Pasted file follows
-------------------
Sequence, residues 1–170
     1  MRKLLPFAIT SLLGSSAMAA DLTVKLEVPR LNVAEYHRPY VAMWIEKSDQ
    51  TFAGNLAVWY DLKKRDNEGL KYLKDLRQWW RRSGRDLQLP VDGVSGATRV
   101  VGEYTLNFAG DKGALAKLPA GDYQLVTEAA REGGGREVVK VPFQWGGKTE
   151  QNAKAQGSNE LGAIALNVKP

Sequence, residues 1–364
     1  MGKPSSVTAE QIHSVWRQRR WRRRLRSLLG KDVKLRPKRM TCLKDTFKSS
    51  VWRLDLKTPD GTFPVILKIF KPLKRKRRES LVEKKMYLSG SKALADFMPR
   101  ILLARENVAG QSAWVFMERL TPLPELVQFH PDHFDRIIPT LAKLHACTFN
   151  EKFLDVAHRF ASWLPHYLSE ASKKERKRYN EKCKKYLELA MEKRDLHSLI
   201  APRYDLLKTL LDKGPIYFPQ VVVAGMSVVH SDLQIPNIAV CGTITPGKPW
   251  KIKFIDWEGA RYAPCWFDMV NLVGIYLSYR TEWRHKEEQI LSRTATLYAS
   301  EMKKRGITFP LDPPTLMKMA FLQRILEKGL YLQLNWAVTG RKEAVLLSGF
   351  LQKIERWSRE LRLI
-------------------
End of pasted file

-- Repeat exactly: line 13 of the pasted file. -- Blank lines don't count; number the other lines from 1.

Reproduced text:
   301  EMKKRGITFP LDPPTLMKMA FLQRILEKGL YLQLNWAVTG RKEAVLLSGF